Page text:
4. Piper mullesua Buchanan-Hamilton ex D. Don, Prodr. Fl. Nepal. 20. 1825.
短蒟 duan ju
Chavica mullesua (Buchanan-Hamilton ex D. Don) Miquel; C. sphaerostachya Wallich ex Miquel; Piper brachystachyum Wallich ex J. D. Hooker, nom. illeg. (included P. mullesua); P. guigual Buchanan-Hamilton ex D. Don.
Climbers woody, glabrous except for rachis and bases of bracts. Stems slender, hard, basal part tuberculate. Prophylls very short; petiole 0.7-2 cm, slender; leaf blade elliptic or narrowly elliptic or ovate-lanceolate, 7.5-9 × 3-4 cm, papery to thinly leathery, without glands, base cuneate, symmetric or slightly oblique, apex caudate-acuminate; veins 5(-7), abaxially very prominent, apical pair arising 1-2.5 cm above base, usually alternate; reticulate veins conspicuous. Flowers bisexual. Spikes leaf-opposed, at apices of branchlets, subglobose, ca. 3 × 2.5-3 mm; peduncle 2-3 mm; rachis pubescent; bracts orbicular, ca. 1 mm wide, peltate, abaxially glabrous; stalk short. Stamens 2; anthers reniform. Ovary obovoid; stigmas 3 or 4, very small. Drupe obovoid, ca. 2.5 mm in diam., partly immersed in rachis. Fl. May-Jul.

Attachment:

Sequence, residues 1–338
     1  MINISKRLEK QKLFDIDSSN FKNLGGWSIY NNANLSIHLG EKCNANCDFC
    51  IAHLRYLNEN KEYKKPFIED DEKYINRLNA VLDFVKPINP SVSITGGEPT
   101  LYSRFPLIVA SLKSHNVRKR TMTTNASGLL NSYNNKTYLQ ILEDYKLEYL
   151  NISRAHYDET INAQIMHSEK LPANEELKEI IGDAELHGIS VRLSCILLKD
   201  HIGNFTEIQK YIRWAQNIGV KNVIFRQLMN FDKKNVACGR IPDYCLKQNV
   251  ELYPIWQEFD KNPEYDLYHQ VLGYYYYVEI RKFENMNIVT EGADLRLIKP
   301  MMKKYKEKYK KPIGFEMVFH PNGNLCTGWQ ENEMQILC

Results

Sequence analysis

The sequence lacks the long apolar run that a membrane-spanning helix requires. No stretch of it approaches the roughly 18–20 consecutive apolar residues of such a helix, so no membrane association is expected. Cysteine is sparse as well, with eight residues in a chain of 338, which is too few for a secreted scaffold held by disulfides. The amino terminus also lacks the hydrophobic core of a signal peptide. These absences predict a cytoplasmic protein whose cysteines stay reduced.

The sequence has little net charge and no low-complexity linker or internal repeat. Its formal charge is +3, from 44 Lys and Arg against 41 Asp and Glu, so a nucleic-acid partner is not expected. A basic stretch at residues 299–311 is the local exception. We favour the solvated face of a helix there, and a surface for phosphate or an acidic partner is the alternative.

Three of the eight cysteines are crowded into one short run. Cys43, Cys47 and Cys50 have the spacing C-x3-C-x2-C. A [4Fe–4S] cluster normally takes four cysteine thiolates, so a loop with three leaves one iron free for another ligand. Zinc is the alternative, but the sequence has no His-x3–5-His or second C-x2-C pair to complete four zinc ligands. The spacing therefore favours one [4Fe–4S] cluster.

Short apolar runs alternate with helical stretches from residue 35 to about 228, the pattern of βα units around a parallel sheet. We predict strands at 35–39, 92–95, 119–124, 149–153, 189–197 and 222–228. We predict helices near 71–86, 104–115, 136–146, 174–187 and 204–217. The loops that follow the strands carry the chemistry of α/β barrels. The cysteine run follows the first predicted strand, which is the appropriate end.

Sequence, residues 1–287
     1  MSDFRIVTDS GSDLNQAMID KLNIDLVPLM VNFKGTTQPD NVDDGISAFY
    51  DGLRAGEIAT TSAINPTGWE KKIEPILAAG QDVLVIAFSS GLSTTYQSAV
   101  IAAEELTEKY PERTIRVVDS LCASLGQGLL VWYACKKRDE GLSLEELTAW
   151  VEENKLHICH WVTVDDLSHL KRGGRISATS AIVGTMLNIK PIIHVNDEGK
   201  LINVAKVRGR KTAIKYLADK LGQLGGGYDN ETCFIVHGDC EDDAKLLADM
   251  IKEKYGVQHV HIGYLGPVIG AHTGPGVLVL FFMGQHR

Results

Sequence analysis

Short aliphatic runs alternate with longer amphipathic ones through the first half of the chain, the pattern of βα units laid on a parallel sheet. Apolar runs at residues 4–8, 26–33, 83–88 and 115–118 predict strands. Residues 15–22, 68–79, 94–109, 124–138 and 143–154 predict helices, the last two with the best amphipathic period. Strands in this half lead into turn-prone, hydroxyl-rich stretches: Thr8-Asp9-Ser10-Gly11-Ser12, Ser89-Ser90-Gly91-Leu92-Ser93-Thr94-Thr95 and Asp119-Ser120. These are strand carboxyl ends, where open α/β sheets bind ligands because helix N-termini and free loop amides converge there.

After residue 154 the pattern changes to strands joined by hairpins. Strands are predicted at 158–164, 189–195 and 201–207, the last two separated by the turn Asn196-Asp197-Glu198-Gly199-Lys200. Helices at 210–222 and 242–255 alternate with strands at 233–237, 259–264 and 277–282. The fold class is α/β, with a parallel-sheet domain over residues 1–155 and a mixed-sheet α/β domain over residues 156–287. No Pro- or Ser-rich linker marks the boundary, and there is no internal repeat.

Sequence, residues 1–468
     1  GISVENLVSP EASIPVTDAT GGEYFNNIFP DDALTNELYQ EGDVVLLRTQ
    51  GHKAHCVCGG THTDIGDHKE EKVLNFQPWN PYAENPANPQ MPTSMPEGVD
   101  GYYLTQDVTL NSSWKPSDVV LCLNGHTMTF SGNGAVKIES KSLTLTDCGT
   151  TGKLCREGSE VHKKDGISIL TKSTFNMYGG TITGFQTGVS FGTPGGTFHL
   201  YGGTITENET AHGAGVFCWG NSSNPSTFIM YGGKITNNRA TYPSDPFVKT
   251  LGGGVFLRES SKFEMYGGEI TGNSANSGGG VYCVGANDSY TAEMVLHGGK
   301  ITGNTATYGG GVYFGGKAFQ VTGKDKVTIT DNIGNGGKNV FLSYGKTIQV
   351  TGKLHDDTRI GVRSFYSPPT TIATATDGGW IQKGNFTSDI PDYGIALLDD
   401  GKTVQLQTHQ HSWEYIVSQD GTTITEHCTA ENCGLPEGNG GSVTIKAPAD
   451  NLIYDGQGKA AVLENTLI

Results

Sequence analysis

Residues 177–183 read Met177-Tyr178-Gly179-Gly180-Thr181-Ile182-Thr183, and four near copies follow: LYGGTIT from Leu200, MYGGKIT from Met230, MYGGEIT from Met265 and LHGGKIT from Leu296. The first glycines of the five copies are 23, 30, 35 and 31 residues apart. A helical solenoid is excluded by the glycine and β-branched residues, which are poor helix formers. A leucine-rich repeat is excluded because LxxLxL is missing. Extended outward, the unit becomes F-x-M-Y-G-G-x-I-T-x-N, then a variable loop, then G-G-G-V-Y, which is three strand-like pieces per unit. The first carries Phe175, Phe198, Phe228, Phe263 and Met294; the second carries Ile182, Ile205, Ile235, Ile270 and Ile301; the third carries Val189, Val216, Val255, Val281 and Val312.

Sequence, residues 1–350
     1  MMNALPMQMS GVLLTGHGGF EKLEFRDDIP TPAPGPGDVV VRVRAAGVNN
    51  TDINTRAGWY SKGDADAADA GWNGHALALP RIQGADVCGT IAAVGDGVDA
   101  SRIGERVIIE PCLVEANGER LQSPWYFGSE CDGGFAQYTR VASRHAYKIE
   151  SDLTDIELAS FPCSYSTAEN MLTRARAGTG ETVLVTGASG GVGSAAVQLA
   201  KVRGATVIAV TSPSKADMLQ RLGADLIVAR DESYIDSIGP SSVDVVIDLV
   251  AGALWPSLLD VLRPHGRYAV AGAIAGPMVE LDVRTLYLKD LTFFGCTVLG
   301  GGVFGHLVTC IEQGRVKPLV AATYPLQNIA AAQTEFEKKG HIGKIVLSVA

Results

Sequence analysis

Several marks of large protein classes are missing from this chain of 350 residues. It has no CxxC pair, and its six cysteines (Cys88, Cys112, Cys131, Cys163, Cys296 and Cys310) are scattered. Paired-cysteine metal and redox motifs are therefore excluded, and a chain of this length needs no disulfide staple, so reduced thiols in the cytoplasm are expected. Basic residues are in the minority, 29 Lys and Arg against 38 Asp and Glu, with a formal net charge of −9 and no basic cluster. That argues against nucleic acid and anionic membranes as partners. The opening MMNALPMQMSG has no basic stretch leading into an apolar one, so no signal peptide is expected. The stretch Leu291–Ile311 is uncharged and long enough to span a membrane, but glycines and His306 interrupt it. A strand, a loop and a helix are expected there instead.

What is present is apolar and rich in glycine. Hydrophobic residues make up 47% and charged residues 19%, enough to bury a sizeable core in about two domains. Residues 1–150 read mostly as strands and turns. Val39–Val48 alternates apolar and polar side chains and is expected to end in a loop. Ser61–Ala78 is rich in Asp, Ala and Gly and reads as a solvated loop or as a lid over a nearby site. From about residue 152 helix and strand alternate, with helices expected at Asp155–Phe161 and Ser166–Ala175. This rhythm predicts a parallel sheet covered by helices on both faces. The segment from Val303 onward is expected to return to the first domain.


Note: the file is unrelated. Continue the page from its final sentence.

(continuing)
Forested slopes, valleys, ravines; 800-2100 m. Hainan, S Sichuan, S Xizang, Yunnan [Bhutan, India, Nepal]
The very small bisexual inflorescences are easily overlooked at anthesis. Early botanists confused male plants of other species with Piper mullesua and wrongly described it as having slender, filiform male inflorescences (R. Wight, Icon. Pl. Ind. Orient. t. 1931. 1853; F. A. W. Miquel, Fl. Ind. Bat. 1(2): 446. t. 27 B. 1859; C. de Candolle in A. de Candolle, Prodr. 16(1): 388. 1868; J. D. Hooker, Fl. Brit. India 5: 87. 1886). Male plants of Piper thomsonii are similar to P. mullesua, but differ as follows: vines herbaceous; petiole longer; leaf blade usually oblique, obtuse or cordate at base, very minutely hairy along veins abaxially.